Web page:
Building maintenance department was created in 2015 and space was made inside the building for a workshop area and office. Employees share a kitchen, break room and restroom with the public works department. It is overcrowded work space and lack of space to store supplies. In addition, there is inadequate space to securely store tools and equipment.
The utilities/administration/capital projects building is located at 2630 Ave. A and was only designed to be temporary office space. Presently, all offices are filled and more space is needed. The restroom and break room facilities are not adequate for the 25 employees. Large equipment, such as a vacuum truck, will not fit in the enclosed parking area and must be protected from the elements. Also, there is not adequate space for vehicles, equipment, tools and supplies inside the building. Valuable tools, equipment and supplies are not properly secured. The need for space for employees is expected to double over the next 10 years.
City engineering department currently has one office in City Hall and no space for an assistant city engineer. The department will need to be expanded to include administrative support, a storm water management coordinator, and quality control inspectors and someone to manage them.
The parks department building was built in the 1950s and in 2015 was deemed to be in fair/good condition. The roof was replaced over 20 years ago and is past its warranty period. The building houses official city records as well as props, decorations and other items from city events.
Combined location for public services
Vasut reminded the council that the public services departments are spread out across town, which is inefficient and ineffective management practices.
Moving public services to a central location within the city will save wear and tear on vehicles and equipment and save staff time, she said.
A centralized fuel depot would also save the city money.
Vasut said the buildings presently used by public services departments are operating at or beyond capacity and need to be expanded to meet current and future growth in staff.
She said modifications have been made to the facilities over the years without changing mechanical or other systems.
Restrooms and common areas are no longer adequate for the growing staff.
American Disability Act and Texas Accessibility Stands are not being met in older buildings.
Building maintenance costs are increasing annually as the facilities age and there are more heating/AC issues.
What a new complex would look like
A centralized public services complex would be located on city-owned property on Airport Avenue and include a main building with offices and shared space for conference rooms, training room, kitchen, break room, restrooms, locker rooms, supply room and technology room.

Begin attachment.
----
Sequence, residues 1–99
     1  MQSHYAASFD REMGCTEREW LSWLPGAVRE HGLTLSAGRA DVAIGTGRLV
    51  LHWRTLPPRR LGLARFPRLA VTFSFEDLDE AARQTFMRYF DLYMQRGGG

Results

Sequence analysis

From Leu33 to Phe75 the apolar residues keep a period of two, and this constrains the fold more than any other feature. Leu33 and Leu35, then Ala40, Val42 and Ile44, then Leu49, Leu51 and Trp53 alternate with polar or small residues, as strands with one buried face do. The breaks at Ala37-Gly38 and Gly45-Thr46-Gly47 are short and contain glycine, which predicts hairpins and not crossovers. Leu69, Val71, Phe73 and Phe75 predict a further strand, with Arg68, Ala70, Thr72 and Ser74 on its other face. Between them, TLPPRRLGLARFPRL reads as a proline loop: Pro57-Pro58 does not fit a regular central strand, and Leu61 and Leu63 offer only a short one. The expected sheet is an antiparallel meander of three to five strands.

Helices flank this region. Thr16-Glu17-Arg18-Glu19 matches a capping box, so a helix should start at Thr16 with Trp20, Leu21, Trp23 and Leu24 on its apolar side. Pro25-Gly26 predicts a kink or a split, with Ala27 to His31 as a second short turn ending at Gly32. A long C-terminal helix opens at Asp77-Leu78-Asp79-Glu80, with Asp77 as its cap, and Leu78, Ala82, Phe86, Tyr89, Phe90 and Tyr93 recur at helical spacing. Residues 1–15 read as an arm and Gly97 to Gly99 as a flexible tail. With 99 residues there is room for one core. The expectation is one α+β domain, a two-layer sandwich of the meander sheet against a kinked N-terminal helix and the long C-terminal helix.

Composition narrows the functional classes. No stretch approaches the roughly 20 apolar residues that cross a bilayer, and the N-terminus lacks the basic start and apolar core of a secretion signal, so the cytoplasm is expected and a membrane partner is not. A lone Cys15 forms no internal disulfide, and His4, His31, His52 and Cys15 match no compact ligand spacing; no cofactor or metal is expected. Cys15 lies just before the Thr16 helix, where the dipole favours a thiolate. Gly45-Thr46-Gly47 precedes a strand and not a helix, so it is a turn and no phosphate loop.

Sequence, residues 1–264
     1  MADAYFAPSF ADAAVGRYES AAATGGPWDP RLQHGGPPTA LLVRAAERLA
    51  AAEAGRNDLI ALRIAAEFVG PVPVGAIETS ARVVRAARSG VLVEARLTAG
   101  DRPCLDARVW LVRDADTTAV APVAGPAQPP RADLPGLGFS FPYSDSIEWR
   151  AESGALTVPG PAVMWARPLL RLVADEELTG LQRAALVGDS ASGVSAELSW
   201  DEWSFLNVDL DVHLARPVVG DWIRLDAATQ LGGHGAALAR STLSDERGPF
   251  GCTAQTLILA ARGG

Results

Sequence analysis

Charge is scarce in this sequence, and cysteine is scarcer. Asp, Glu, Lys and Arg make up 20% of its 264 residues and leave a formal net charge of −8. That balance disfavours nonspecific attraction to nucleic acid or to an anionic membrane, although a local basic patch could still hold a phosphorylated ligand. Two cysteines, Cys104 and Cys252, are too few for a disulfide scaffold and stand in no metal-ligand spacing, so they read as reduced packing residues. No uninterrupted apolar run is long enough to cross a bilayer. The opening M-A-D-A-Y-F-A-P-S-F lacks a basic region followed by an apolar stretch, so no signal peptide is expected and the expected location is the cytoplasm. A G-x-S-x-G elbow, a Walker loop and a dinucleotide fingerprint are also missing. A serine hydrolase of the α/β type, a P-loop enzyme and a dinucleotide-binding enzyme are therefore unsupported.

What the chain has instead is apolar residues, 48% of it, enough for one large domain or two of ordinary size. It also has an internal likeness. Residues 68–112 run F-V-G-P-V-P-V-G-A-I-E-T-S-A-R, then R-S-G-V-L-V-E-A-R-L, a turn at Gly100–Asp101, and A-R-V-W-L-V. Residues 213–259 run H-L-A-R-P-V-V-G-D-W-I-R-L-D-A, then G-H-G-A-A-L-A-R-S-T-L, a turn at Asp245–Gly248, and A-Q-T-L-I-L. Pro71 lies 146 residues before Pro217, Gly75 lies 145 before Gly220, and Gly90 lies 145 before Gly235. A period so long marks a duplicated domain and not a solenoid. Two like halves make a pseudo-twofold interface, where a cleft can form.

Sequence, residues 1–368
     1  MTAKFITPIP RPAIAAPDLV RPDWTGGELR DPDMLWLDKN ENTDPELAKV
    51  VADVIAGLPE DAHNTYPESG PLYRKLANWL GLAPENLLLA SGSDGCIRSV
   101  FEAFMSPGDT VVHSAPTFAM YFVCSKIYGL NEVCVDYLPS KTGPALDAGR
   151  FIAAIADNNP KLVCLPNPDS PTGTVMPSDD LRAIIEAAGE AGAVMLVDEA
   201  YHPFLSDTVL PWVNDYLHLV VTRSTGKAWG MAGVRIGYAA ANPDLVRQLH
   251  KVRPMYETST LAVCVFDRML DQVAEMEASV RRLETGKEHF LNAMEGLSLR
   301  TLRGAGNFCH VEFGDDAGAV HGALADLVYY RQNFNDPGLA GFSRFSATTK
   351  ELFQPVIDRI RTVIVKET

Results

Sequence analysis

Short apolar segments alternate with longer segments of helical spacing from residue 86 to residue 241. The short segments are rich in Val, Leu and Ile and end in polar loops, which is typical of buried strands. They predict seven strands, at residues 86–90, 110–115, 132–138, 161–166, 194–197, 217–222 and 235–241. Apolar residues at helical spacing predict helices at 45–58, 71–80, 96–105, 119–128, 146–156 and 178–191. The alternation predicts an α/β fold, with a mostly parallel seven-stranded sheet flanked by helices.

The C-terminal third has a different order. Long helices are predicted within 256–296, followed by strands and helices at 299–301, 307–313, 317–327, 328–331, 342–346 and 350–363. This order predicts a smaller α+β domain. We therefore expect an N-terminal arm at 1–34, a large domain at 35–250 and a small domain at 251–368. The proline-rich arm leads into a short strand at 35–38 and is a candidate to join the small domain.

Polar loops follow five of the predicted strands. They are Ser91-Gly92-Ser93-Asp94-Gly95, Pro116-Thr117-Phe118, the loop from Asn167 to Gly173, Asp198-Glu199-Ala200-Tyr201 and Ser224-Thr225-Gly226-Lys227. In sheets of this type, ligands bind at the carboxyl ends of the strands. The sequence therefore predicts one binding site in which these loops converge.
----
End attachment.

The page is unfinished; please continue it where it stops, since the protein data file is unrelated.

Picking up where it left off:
Additional buildings would be constructed for workshop space, including necessary enclosed parking for some equipment. Covered parking would also be included for some vehicles and equipment when necessary.
Vasut said the next steps are for the council to let staff know if its supports the proposals, approves plans to engage a firm to provide a detailed cost estimate and detailed look at both complexes, and approves the projects for a November 2023 bond election.
Six council members agreed to support the projects and bond election.
“I think this is well needed,” District 4 councilman George Zepeda said.
At-Large 1 councilman Marc Morales asked if the projects would occur in phases. Vasut assured him they would.
Morales, who serves as mayor pro tem, voted in support of the projects and the bond election.
Had the city built the new fire station no. 4 back in 2016 when it was first proposed, it would have cost about $7 million and not the $12.4 million today, At-Large 2 city councilwoman Alicia Casias said. Likewise, had the public services complex been built years ago as proposed it would have only cost about $10 million, she noted.
“It wasn’t done in the past so we’re going to pay (more) for it now, but, yes, it is something that is needed,” she said.
District 3 councilman Hector Trevino voted no on the proposal, saying he needed more time to think on it.
District 2 councilwoman Susan Euton supported the proposals as did District 1 councilman Keith Parker.
“I think it boils down to one thing, if you want to serve the public and you don’t have adequate equipment (or facilities), you can’t serve the public,” Parker said.